To give you the best possible experience on our site please enable JavaScript in your browser.


News from Biochem

A plague of mycotoxins

Feed often contains various mycotoxins that have various structures. Effective mycotoxin binders must be constructed so as to bind as many of these different mycotoxin structures as possible. B.I.O. Tox® from Biochem exhibits very good values for this task.

Moulds and their mycotoxins pose a problem for feeds despite high quality standards. Mycotoxins are secondary metabolic products from various mold types that can have a toxic effect even in the smallest concentrations. Various analyses have shown that a large proportion of feed samples are contaminated with two or more mycotoxins. This means that the risk of diseases associate with exposure to mycotoxins, so-called mycotoxicoses, is rising rapidly. The problem is exacerbated by the fact that some mycotoxin combinations are synergetic with respect to their toxicity. Although acute mycotoxin poisoning is a relatively rare occurrence, declines in animal performance have been observed. These declines generally take the form of non-specific symptoms such as reduced feed intake and conversion.

Modern mycotoxin management provides a number of measures for minimizing the risk of mycotoxin-related poisoning. The use of mycotoxin binders has proven to be effective; they are dosed into the feed and irreversibly bind the toxins in the digestive tract. The properties of modern, innovative mycotoxin binders should be oriented so that they exhibit a broad adsorption spectrum for a wide variety of mycotoxins. It is currently estimated that there are several hundred mycotoxins, with an extremely wide range of structures that are decisive for the mycotoxin-mycotoxin binder affinity. Among the most important mycotoxins in agriculture are surely the aflatoxin B1 Aspergillus toxin; the ochratoxin A Penicillium toxin; the zearalenone, deoxynivalenol, and fumonisin B1 Fusarium toxins; and the T2-toxin.

These mycotoxins form the bases of the Biochem studies that the company conducted in cooperation with well-known international institutions, universities, and laboratories in the U.S., Germany, and Holland. The mycotoxin-specific binding properties were analysed and documented.

Many mycotoxin binders are based primarily on various layered silicates (phyllosilicates) such as bentonite, kaolinite, sepiolite, and vermiculite; and/or framework silicates (tectosilicates) such as clinoptilolite (zeolite); and/or amorphous silicone dioxide such as kieselguhr (diatomaceous earth). At first glance, the types of silicates differ only marginally. The Biochem laboratory studies showed, however, that there are very great differences in the binding behavior of these minerals.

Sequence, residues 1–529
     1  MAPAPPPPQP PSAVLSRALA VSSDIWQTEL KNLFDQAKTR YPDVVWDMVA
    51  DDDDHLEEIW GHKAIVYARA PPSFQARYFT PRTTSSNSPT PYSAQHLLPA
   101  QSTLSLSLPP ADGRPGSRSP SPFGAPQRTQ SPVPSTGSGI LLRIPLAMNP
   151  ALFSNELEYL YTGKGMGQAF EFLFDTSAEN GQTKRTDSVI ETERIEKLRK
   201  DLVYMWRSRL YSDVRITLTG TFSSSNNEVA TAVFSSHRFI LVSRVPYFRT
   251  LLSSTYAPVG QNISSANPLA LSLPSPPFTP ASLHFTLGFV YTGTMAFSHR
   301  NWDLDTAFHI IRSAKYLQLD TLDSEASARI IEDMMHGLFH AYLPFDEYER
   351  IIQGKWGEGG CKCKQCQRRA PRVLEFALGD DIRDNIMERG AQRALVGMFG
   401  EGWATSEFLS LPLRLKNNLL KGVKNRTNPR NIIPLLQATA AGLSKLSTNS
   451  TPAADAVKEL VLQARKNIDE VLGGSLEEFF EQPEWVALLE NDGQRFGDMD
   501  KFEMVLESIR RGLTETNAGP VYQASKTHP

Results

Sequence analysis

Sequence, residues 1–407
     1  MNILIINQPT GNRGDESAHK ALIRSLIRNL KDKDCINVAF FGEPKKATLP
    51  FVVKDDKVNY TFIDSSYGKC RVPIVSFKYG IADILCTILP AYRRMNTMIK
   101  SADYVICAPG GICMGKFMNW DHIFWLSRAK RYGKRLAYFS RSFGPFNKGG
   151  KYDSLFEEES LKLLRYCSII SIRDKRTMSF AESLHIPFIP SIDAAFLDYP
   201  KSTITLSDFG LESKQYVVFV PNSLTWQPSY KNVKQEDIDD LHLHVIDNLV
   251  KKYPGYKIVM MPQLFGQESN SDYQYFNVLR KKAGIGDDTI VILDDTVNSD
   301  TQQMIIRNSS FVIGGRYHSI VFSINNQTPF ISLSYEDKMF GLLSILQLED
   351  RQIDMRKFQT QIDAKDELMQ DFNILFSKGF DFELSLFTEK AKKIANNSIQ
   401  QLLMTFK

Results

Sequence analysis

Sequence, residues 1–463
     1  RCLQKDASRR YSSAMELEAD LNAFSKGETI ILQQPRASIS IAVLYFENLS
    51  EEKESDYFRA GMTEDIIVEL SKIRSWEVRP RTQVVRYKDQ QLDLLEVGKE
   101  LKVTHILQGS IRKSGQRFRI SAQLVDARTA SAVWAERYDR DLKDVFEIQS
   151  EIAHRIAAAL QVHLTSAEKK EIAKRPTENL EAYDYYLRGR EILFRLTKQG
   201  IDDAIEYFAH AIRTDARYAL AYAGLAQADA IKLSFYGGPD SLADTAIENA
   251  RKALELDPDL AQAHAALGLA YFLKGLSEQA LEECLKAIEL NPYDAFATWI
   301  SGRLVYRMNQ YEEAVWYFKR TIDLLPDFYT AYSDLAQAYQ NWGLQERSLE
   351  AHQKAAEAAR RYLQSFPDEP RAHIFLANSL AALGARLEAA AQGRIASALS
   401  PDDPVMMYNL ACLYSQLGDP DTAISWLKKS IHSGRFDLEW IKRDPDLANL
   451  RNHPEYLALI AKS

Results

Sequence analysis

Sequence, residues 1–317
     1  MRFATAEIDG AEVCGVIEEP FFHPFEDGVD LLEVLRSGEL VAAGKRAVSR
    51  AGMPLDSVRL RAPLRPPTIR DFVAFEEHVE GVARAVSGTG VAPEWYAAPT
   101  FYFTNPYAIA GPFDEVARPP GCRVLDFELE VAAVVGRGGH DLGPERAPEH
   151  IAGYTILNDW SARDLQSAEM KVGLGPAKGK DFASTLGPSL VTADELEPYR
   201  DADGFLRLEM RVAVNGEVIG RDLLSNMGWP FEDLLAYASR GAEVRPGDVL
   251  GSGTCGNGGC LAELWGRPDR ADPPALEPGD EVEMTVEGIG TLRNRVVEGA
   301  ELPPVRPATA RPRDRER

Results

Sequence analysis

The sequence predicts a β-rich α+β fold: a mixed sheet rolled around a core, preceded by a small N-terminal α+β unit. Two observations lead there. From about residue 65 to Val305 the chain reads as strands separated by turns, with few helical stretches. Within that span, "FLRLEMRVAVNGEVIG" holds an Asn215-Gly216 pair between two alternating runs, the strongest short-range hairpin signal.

Product development

Biochem thoroughly assessed the binding properties with respect to mycotoxins of various raw materials at various pH values. Of course, it was not only natural raw materials that were tested, but also those whose surfaces and pore structures had been optimized via a variety of measures.

On the basis of the binding studies, a range of mycotoxin binders, the B.I.O.Tox® Portfolio, was developed. It possesses a broad binding spectrum for a wide variety of mycotoxins. B.I.O.Tox® reaches the animals’ digestive tract via feed intake, where it irreversibly binds the various mycotoxins or reduces or prevents resorption. Polar and non-polar mycotoxins concentrate on the surface of the toxin binders (adsorption) and, as a complex (adsorbate), are eliminated with the excrement.

This great binding efficiency has been verified by in vitro studies in various independent laboratories. The efficiency of B.I.O.Tox® with respect to such mycotoxins as zearalenone, T-2 toxin, ochratoxin A, and fumonisin B1 was significantly higher than several tested competing products. For instance, the B.I.O.Tox® products achieved a binding efficiency of 83% for the T-2 Fusarium toxin, while the strongest competing product achieved less than 30%.

B.I.O.Tox® products exhibited a high to very high concentration-dependent binding affinity for various mycotoxins. The Biochem mycotoxin binders can thus reduce the detrimental effect to animal health of mycotoxin in feed and prevent a reduction in performance.

More News